This Nurse Heals With Taffeta and Satin
Columbus, Neb., is a small city where, for young people, the largest social event of the year is the high school prom. It’s also a city with high poverty rates, and each year hundreds of girls pass on going to the prom because of the cost of formal dresses.
In 2007, Jean Kamrath, a nurse at Columbus High School, started working to break down this social barrier. She launched Closet Extravaganza, a program that has provided free prom dresses – and often shoes, handbags and makeup – to more than 650 girls who otherwise couldn’t have afforded to attend their proms.
“I’m not trying to cure cancer or solve any other great problems, but I’m grateful that in my community, I can help girls in their formative, adolescent years feel socially included,” says Kamrath, who has worked at Columbus High School for 24 years.
Closet Extravaganza all began with one girl, Tammy, who stopped in Kamrath’s office regularly to have her blood sugar checked.
“During one visit, I asked Tammy casually if she was going to the prom,” says Kamrath. “She looked very sad and told me it was too expensive. For some reason, I asked, ‘Would you go if you had a dress?’ and her face changed and she said, ‘Of course!’ So I called my youngest daughter, Molly, at college, and she said I could give Tammy any of her dresses. We found a nice, white satin dress, which I brought to school. Tammy tried it on in my office, flashed a smile as wide as Texas and said, ‘I’m actually going to the prom!’”
Kamrath then worked behind the scenes to get the girl a free ticket.
“Before I knew it, Tammy was back in my office with three friends, asking if I could find dresses for them as well,” says Kamrath. “I got back on the phone to Molly, who enlisted the help of her Gamma Phi Beta sorority sisters. They were incredible. Molly came home that weekend with a carload of dresses that her friends had donated. I realized then that we were running a program.”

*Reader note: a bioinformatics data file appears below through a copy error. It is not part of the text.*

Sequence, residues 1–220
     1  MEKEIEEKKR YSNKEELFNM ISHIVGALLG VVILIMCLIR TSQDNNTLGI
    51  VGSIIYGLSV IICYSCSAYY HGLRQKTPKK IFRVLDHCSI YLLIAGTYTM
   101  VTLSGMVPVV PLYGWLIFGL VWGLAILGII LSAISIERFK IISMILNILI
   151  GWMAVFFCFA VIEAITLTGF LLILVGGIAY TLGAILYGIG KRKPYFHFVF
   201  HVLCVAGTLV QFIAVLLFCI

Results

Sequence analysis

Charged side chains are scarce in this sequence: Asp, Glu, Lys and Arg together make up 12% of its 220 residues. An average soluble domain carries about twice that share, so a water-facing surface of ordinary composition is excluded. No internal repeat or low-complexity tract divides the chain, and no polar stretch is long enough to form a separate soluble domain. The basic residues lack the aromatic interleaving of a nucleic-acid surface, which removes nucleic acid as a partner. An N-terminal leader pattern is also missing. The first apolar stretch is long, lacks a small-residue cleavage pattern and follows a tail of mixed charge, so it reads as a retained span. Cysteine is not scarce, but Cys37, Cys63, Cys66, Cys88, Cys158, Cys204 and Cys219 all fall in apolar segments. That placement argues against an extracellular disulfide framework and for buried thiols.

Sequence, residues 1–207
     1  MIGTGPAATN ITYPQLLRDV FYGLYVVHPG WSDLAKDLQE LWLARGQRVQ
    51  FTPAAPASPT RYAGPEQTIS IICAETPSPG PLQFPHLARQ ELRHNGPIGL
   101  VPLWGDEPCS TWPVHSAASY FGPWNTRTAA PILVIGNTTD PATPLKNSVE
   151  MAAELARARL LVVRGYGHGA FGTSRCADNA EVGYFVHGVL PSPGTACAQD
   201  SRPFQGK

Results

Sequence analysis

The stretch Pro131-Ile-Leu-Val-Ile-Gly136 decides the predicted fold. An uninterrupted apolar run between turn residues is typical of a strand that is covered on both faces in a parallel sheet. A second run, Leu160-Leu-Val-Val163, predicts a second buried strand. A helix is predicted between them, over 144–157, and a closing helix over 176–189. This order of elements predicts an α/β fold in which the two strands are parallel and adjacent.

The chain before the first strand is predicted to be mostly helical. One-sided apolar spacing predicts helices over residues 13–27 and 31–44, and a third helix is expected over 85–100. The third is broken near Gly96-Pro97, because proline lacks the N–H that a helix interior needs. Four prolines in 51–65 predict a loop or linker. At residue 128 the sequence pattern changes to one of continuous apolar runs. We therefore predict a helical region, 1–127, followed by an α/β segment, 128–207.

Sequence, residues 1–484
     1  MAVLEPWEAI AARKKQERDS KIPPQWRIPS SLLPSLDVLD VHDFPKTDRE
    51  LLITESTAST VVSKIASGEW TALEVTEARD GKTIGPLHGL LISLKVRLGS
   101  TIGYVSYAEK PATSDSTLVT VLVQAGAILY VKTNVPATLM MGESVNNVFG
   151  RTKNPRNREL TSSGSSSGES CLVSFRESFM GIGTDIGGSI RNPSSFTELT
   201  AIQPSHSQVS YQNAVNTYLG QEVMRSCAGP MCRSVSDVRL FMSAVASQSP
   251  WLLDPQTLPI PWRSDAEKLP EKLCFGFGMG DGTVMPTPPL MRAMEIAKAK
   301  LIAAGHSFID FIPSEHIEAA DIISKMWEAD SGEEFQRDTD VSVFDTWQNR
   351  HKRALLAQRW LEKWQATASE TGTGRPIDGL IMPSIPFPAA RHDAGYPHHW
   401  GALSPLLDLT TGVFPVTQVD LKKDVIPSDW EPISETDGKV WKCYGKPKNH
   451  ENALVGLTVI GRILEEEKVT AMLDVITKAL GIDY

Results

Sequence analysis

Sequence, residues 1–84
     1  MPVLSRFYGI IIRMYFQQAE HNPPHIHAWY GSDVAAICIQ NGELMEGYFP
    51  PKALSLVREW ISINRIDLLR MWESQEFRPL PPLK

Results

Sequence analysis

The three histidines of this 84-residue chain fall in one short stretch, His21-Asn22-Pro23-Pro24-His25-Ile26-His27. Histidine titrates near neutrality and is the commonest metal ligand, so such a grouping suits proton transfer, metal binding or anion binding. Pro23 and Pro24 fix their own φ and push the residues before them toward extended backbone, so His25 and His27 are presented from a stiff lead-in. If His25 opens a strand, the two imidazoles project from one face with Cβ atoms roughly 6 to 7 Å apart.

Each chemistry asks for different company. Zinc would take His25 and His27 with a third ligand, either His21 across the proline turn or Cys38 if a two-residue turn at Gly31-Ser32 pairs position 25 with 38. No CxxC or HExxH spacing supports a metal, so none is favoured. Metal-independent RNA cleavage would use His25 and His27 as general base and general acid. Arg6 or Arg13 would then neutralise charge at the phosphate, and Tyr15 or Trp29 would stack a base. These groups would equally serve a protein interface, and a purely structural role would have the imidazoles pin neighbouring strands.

Columbus High School agreed to let Kamrath use its media center for a day to distribute dresses. Kamrath sent letters to the city’s two other high schools. By the time of the first Closet Extravaganza event, Kamrath, Molly and Molly’s friends had gathered 200 dresses. Sixty girls showed up to shop for free, and all found dresses.
The program has grown steadily since. Because all Columbus high schools hold junior/senior proms, Kamrath holds Closet Extravaganza every two years to build up enough stock. Kamrath is now collecting dresses to distribute in February.
After its successful debut in 2007, Kamrath has been invited to appear on local radio to promote the program, and the Columbus Women’s Club has provided donations, including free shopping bags and subsidized prom tickets for girls from low-income families. In 2009, Mary Kay cosmetics came on board as a sponsor, providing free makeup kits to every Closet Extravaganza shopper. In Extravaganza’s biggest year, 2011, 250 girls found dresses from more than 700 that had been donated.
“It’s been a rewarding experience for me,” says Kamrath. “It helps these girls on many levels. First, they get to step out of poverty for a night and look and feel – and be treated – like princesses. But beyond that, it teaches them that they can achieve more, work for greater things in their lives, and live their dreams. I’ve seen it have that effect, and it keeps me excited about going to school each day.”